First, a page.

that. He meant to get on, he told us. He had brains. He was sure to get a 
commission, before long. As a first step, he meant to get a stripe.
9. In pursuit of his ambition he worked hard. We had to give him credit for that. He 
borrowed training manuals and stayed up late at nights reading them. He 
badgered the instructors with questions. He drilled with enthusiasm, and on route 
marches he was not only miraculously tireless but infuriated us all with his 
horrible heartiness. "What about a song, chaps?" is not greeted politely at the end 
of thirty miles. His salute at the pay table was a model to behold. When officers 
were in sight he would swing his skinny arms and march to the canteen like a 
Guardsman.
10. And day in and day out, he lectured to us in his droning, remorseless voice on 
every aspect of human knowledge. At first we had a certain respect for him, but 
soon we lived in terror of his approach. We tried to hit back at him with clumsy 
sarcasms and practical jokes. The Professor scarcely noticed; he was too busy 
working for his stripe.
11. Each time one of us made a mistake the Professor would publicly correct him. 
Whenever one of us shone, the Professor outshone him. When, after a hard 
morning's work cleaning out our hut, we listened in silence to the Orderly 
Officer's praise, the Professor would break out with a ringing, dutifully beaming, 
"Thank you, sir!" And how superior, how condescending he was. It was always, 
"Let me show you, fellow," or, "No, you'll ruin your rifle, that way, old man."
12. We used to pride ourselves on aircraft recognition. Once, out for a walk, we heard 
the drone of a plane flying high overhead. None of us could even see it in the glare 
of the sun. Without even a glance upward the Professor announced, "That, of 
course, is a North American Harvard Trainer. It can be unmistakably identified by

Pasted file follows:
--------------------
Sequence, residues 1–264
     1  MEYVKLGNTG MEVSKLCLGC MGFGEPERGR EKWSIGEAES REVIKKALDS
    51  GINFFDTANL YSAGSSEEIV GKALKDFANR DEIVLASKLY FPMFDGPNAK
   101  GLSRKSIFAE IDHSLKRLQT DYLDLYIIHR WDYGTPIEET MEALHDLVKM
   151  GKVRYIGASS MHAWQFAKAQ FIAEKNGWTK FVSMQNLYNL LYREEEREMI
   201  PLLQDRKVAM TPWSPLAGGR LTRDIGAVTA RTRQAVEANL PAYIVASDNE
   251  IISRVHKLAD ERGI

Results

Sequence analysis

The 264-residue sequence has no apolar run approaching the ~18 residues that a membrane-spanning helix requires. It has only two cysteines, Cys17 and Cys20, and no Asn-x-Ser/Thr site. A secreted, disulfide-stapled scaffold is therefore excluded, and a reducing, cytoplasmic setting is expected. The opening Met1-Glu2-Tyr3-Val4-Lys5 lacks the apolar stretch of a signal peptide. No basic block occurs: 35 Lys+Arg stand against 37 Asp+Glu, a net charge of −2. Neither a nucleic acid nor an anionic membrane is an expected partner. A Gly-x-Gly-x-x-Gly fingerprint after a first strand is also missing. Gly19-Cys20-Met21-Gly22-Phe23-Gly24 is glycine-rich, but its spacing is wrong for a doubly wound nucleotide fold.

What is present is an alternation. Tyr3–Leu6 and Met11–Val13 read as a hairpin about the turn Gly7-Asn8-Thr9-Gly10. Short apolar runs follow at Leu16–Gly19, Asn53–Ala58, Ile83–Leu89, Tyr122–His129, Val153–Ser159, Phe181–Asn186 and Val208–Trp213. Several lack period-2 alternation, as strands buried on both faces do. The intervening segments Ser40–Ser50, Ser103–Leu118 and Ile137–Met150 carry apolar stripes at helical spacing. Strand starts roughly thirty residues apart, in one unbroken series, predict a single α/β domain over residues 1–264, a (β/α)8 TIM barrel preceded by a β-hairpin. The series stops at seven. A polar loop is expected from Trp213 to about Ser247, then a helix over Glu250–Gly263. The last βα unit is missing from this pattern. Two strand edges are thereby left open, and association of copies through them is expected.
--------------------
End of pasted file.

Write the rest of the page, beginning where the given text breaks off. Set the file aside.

the harsh engine note, due to the high tip speed of the airscrew." 
What could a gang of louts like us do with a man like that?
commission: become an army officer
stripe: V-shaped band to indicate the rank of a soldier.
route marches: training marches of battalions.
Orderly Officer: officer of the day
condescending : to look down on
23
CBSE
Fiction
24
13. None of us will ever forget the 
drowsy summer afternoon which 
was such a turning-point in the 
Professor's life.
14. We were sprawling contentedly 
on the warm grass while Corporal 
Turnbull was taking a lesson on 
the hand grenade.
15. Corporal Turnbull was a young 
man, but he was not a man to be trifled with. He had come back from Dunkirk with 
all his equipment correct and accounted for and his kitten in his pocket. He was 
our hero, and we used to tell each other that he was so tough that you could 
hammer nails into him without his noticing it.
16. _"The outside of a grenade, as you can see," Corporal Turnbull was saying, "is 
divided up into a large number of fragments to assist segmentation"
17. "Forty-four"
18. "What's that?" The Corporal looked over his shoulder 
19. "Forty-four segments." The Professor beamed at him.
20. The Corporal said nothing, but his brow tightened. He opened his mouth to 
resume.
21. "And by the way, Corporal." We were all thunder-struck.
22. The Professor was speaking again. "Shouldn't you have started off with the five 
characteristics of the grenade? Our instructor at the other camp always used to, 
you know."
23. In the silence that followed a dark flush stained the tan of Corporal's face. "Here," 
he said at last, "you give this lecture". As if afraid to say any more, he tossed the 
grenade to the Professor. Quite unabashed, Private Quelch climbed to his feet 
and with the aid of a man coming into his birth-right gave us an unexceptionable 
lecture on the grenade.
24. The squad listened in a cowed, horrified kind of silence. Corporal Turnbull stood 
and watched, impassive except for a searching intentness of gaze. When the 
lecture was finished he said, "Thank you, Private Quelch. Fall in with the others